How the VA Colon Cancer Screening Program Fails African-American Males

“It’s a terrible way to die” The oncology fellow told me bluntly as we walked to the room. “There is nothing okay about this.”

Knocking on the open door, we entered his room. The blinds were raised to reveal a stunning view of the area surrounding the VA hospital, and light poured in.

Our patient reclined in bed, his eyes closed although he was not asleep. He opened his eyes at the sound of our entrance, and the eyes seemed to bulge, too large for his shrunken face with wasted muscles. A plastic tube, taped to the bridge of his nose, entered his nostril and disappeared. The other end of the tubing led to a canister filled with dark green liquid that had been suctioned from his gastrointestinal tract. Despite this invasion, his stomach remained distended, protuberant compared with his otherwise frail frame.

The man had an aggressive colon cancer. The tumor in his colon had grown so large that the hollow of his bowel had closed off, allowing no food to pass through. With nowhere else to go, the contents of his bowel backed up, puffing out his stomach and causing terrible nausea and vomiting. Even worse, the tumor invaded outwards too, anchoring tendrils into the surrounding tissue so that there was no longer any hope of removing the tumor surgically. “Palliative” chemotherapy to try to shrink the tumor would be offered, but it had no chance of curing his disease. The oncologist’s note summarized the situation: “Prognosis is extremely poor.”

It was a good learning case, a late presentation of a disease increasingly diagnosed at early stages by screening colonoscopies. This patient had not undergone screening, which might have diagnosed the cancer while there was still time for a cure. As an African American, this patient was more likely to develop this cancer than Caucasian patients his age.

The VA hospital system is a model of preventative care, and such late presentations are rare. March is Colon Cancer Awareness Month, and at the VA hospital where I work, announcements flash on computer screensavers, reminding doctors to talk to patients about screening. Compliance rates with colon cancer screening have been shown to be 82% within the VA system, compared with around 60% outside.[i]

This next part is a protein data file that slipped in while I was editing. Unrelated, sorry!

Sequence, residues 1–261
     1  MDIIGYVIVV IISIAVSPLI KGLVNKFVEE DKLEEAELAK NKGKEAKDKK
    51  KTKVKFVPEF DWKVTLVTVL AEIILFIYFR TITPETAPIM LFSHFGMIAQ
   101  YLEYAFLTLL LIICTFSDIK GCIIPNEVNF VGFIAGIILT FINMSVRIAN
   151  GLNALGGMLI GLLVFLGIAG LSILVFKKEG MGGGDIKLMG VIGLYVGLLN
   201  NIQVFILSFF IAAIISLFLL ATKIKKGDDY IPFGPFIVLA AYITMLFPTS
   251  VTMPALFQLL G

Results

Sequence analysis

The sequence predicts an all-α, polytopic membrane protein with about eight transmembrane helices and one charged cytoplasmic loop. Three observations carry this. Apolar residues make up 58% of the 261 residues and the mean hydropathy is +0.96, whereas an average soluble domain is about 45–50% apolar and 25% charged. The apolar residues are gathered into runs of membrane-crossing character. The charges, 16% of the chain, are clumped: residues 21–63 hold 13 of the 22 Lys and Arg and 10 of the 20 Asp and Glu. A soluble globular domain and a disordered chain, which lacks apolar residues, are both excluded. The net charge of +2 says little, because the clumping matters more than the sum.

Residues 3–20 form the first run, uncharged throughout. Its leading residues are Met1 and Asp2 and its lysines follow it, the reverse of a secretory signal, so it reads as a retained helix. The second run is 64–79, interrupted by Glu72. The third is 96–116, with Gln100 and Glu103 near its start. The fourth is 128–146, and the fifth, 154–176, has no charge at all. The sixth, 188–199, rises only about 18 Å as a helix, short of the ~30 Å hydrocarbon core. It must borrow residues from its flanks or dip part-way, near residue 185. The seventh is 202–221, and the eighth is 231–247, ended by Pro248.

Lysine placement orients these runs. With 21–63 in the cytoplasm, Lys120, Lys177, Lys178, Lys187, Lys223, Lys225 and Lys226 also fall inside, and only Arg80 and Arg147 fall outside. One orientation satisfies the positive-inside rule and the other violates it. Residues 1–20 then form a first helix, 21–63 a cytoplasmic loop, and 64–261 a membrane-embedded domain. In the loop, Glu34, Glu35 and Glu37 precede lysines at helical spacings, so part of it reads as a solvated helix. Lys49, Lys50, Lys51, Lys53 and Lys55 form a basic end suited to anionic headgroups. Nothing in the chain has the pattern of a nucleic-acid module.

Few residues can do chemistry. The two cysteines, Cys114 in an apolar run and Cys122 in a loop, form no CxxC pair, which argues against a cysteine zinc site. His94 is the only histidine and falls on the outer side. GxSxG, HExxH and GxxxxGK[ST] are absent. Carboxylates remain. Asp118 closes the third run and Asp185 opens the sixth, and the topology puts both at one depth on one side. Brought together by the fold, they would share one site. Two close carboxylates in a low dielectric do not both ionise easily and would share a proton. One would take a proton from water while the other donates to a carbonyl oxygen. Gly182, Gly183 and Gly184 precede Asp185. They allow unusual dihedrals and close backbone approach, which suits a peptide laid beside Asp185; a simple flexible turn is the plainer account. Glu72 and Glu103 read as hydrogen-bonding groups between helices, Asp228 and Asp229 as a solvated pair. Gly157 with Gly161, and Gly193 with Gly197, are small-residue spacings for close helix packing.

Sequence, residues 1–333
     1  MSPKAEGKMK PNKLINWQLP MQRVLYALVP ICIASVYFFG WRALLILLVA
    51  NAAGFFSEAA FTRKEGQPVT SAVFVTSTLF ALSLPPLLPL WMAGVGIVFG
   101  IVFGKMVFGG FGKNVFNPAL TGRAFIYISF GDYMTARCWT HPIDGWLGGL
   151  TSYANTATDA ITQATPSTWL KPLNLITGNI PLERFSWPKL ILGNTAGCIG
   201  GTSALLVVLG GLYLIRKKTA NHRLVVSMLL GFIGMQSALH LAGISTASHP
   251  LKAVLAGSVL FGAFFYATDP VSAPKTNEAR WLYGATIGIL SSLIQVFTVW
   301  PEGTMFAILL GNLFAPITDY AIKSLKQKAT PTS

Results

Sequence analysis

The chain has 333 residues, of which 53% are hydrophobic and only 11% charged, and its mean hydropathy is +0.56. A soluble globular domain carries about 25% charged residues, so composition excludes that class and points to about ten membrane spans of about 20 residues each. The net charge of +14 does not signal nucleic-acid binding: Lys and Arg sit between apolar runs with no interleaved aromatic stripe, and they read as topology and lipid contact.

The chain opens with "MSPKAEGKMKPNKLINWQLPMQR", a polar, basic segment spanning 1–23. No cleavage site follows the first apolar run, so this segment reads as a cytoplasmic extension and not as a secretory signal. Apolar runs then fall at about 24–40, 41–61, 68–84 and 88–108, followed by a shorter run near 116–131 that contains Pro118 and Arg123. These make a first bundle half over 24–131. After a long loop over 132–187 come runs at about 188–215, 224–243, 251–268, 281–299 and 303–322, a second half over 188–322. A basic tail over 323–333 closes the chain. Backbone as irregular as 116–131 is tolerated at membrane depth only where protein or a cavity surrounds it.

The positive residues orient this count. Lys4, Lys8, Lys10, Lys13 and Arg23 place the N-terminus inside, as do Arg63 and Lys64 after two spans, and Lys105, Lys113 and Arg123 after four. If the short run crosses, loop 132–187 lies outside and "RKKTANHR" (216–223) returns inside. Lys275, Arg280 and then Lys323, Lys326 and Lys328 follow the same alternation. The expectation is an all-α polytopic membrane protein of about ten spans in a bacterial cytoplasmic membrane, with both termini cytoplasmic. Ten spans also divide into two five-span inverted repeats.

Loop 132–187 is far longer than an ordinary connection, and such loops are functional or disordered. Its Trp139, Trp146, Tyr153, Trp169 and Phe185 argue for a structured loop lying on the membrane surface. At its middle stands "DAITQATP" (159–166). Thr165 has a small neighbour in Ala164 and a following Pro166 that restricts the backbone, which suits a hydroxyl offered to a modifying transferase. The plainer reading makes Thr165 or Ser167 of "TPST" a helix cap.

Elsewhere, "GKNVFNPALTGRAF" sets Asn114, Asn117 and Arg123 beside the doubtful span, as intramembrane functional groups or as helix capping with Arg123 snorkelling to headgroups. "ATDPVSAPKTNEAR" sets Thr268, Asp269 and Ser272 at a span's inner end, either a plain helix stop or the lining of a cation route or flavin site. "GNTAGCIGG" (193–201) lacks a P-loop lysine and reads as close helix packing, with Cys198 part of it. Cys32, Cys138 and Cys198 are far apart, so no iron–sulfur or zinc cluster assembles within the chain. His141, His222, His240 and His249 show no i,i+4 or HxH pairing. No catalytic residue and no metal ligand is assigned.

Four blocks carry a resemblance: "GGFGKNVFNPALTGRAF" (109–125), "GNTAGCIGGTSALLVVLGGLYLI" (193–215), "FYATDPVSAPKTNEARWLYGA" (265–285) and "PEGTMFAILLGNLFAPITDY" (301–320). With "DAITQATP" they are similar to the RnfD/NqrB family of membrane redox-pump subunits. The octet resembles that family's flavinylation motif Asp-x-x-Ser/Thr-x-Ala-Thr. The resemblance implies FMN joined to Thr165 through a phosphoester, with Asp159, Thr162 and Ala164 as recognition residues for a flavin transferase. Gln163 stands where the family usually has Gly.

But we’re not screening everyone who is at risk. The VA’s system of clinical reminders leaves one group of patients without adequate screening, despite adjustments in guidelines. African Americans are more vulnerable to colon cancers, with a 25% higher risk and a 50% higher mortality rate.[ii]  The mechanism of this disparity is poorly understood, and is likely from a combination of genetic and social factors, including lower rates of screening. In an effort to combat this disparity, U.S. Multi-Society Task Force of Colorectal Cancer (MSTF) revised their guidelines to recommend colon cancer screening for African American patients starting at age 45, rather than age 50, which is still recommended for everyone else based on the United State Preventative Services Task Force (USPSTF) guideline last updated in 2016. [iii] [iv]

Currently the VA’s National Center for Health Promotion and Disease Prevention fails to acknowledge this risk[v]. The website lists screening recommendations in a color-coded grid: green is recommended, yellow acknowledges that the evidence is mixed, and depends on individual patient factors. For ages 50-75, the box is green. For patients 76-85 the box is yellow, despite the USPSTF’s caution that, “The rate of serious adverse events from colorectal cancer screening increases with age.” For ages 45-50, there is a red box: not recommended, without acknowledgement of the most recent guidelines. This policy has practical effects. Practicing primary care at the VA, I only receive automatic reminders to consider screening my patients above age 50, even if they are African American and might want to consider earlier screening.